Submitted to: Journal of Cereal Science
Publication Type: Peer Reviewed Journal
Publication Acceptance Date: October 25, 2007
Publication Date: August 19, 2008
Repository URL: http://hdl.handle.net/10113/19574
Citation: Fuerst, E., Beecher, B.S., Xu, S.S. 2008. Genetic Characterization of Kernel Polyphenol Oxidases in Wheat and Related Species. Journal of Cereal Science 48:359-368. Interpretive Summary: An undesired brown color appears in Asian noodle and certain other wheat products due to the activity of an enzyme known as Polyphenol Oxidase (PPO). Improvements have been made in wheat cultivar fields that are aiding in eliminating the brown coloring from affected wheat products, but further improvements could be made by identifying how and which wheat relatives have less PPO activity and using that knowledge in wheat cultivation to produce wheat with low PPO activity. In this study, certain aspects of PPO genetics and activity were explored in order to gain further knowledge of the origins of PPO and the levels of PPO that occur in various wheat relatives. The results of the study show that high PPO activity is likely caused by only a small number of the many PPO genes that are found in wheat and that a single genetic locus on a specific chromosone is possibly the cause of high PPO activity.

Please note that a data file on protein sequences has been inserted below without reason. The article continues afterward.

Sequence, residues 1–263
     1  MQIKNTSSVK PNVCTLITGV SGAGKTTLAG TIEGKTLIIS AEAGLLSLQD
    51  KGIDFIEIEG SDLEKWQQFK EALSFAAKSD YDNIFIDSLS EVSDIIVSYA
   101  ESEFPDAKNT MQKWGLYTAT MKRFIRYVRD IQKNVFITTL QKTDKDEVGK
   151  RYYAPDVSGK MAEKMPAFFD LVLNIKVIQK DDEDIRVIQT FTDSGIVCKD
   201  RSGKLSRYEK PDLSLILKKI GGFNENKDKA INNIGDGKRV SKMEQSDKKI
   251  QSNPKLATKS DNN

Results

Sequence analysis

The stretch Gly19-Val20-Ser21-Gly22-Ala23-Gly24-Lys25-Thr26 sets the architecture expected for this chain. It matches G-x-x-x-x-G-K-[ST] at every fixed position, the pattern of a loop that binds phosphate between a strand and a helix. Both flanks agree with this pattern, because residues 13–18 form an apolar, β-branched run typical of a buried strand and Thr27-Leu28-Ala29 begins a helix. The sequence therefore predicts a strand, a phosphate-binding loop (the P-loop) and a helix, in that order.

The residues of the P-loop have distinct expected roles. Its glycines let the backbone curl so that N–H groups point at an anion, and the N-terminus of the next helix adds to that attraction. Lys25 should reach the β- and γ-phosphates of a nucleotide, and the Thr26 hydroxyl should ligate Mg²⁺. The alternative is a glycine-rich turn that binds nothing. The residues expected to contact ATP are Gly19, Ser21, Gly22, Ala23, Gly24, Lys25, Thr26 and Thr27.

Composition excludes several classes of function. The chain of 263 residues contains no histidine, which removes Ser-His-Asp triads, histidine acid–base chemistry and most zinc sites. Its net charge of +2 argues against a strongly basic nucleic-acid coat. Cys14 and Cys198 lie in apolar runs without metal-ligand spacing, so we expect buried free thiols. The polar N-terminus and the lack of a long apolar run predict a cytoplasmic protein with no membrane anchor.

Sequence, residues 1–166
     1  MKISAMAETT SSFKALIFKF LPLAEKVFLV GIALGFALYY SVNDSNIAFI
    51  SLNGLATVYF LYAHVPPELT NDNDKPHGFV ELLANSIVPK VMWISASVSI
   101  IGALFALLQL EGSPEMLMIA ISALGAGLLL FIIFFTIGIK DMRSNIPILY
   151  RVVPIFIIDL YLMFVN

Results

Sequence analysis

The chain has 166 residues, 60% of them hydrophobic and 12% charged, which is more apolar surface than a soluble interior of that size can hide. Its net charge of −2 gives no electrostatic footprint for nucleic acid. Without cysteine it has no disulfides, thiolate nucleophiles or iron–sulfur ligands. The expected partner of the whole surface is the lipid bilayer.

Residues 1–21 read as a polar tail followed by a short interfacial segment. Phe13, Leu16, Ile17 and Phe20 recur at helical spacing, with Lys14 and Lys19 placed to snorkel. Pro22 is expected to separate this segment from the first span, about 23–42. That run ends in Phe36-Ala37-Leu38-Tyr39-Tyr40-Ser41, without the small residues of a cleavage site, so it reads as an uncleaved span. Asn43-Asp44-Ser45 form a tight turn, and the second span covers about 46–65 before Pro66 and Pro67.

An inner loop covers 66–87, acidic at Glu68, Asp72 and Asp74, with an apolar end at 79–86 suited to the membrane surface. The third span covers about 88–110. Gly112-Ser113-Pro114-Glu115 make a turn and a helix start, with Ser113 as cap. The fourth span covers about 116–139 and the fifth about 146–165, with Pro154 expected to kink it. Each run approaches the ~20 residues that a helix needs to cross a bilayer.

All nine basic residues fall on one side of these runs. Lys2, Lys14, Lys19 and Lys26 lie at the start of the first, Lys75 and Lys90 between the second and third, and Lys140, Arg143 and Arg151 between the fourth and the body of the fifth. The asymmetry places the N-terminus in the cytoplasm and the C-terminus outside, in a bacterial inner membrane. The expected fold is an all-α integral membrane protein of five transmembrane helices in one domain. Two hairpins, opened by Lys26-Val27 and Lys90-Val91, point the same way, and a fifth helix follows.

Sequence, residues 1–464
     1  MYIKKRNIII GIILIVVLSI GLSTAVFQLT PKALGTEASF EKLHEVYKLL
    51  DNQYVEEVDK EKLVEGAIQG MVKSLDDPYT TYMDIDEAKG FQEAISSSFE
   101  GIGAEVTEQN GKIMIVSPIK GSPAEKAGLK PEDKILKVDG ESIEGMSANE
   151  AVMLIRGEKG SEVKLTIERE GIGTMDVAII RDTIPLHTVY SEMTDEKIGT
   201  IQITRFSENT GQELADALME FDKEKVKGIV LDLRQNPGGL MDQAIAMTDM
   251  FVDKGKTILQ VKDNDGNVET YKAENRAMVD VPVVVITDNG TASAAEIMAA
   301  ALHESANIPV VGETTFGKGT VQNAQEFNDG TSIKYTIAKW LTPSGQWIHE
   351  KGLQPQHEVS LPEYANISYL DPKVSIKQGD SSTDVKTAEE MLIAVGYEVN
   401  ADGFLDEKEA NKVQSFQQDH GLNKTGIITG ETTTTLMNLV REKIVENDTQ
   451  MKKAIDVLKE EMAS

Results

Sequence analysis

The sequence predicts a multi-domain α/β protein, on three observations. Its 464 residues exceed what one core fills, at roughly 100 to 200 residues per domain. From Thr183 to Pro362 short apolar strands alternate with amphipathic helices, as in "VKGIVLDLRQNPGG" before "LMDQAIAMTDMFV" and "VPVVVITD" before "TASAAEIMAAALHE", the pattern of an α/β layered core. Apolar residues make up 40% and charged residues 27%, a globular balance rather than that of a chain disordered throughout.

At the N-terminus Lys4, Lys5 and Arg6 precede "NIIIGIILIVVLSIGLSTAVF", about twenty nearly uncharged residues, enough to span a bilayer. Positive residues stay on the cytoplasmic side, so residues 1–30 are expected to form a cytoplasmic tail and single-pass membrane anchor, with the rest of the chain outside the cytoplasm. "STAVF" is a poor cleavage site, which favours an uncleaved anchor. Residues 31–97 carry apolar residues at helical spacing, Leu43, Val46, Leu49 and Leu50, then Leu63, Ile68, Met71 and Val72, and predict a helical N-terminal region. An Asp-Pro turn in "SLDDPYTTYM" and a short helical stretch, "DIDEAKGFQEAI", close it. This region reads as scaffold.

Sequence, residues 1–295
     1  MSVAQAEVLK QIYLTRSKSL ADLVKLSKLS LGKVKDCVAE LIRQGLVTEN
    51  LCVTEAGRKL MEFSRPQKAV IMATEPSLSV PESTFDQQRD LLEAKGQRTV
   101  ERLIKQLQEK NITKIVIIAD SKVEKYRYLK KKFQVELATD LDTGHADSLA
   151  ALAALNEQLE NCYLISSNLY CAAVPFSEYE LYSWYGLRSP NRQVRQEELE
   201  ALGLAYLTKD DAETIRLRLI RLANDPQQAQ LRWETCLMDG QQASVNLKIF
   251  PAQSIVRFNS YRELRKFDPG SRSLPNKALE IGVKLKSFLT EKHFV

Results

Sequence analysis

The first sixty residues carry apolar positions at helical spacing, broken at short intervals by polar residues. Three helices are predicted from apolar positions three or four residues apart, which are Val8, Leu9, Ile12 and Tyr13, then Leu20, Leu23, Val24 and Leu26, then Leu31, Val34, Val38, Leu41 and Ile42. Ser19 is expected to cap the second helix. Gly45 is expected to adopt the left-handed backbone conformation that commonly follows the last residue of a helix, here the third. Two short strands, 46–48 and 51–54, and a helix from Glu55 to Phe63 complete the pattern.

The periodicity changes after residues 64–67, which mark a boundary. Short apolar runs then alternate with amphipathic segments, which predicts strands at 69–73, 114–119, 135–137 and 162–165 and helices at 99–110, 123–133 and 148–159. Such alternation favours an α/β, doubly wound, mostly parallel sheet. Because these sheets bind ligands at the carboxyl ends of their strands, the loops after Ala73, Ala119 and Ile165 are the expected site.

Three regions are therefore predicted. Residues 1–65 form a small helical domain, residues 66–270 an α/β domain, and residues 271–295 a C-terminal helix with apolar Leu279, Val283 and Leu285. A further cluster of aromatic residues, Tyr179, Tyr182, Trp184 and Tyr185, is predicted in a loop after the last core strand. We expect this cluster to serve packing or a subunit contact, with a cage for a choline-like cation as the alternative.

Technical Abstract: Polyphenol oxidase (PPO) activity causes undesirable darkening of raw Asian noodles and other wheat products. In this study we investigate the genetic origins and diversity of wheat kernel PPO. PPO was characterized via activity assays, antigenic staining, and Southern blots in Triticum aestivum, T. dicoccooides, T. durum, T. dicoccum, T. monococcum, T. urartu, Aegilops speltoides, and Ae. tauschii. Among these species, PPO activity was well correlated with antigenic staining intensity toward a wheat kernel-type PPO antibody. High PPO activity was observed in all three T. monococcum accessions (Am genome), one Ae. speltoides accession, one T. durum accession, and two hexaploid wheat cultivars. Southern blots suggested the presence of two or more kernel-type PPO genes in diploid progenitors of the hexaploid A, B, and D genomes. Whole-kernel PPO activity was evaluated in disomic substitution lines derived from three T. dicoccoides accessions in the background of T. durum 'Langdon'. PPO activity was primarily associated with chromosome 2A and to a much lower degree with chromosome 2B. DNA sequence comparisons showed that the intron associated with the high PPO allele on chromosome 2AL of hexaploid wheat had 94% nucleotide identity with the homeologous intron found in T. monococcum, a species with high kernel PPO activity. This implies that the ancestral PPO allele on the A genome is one of high activity, and the low PPO allele found in hexaploid wheat represents a relatively recent genetic alteration. Results confirm the presence of multiple kernel-type PPO genes in the diploid and tetraploid progenitors and relatives of hexaploid wheat. However, it is likely that relatively few of the many kernel-type PPO genes present in wheat contribute substantially to kernel PPO activity. A single genetic locus on homeologous group 2 chromosomes may be the primary cause of high PPO activity in wheat kernels.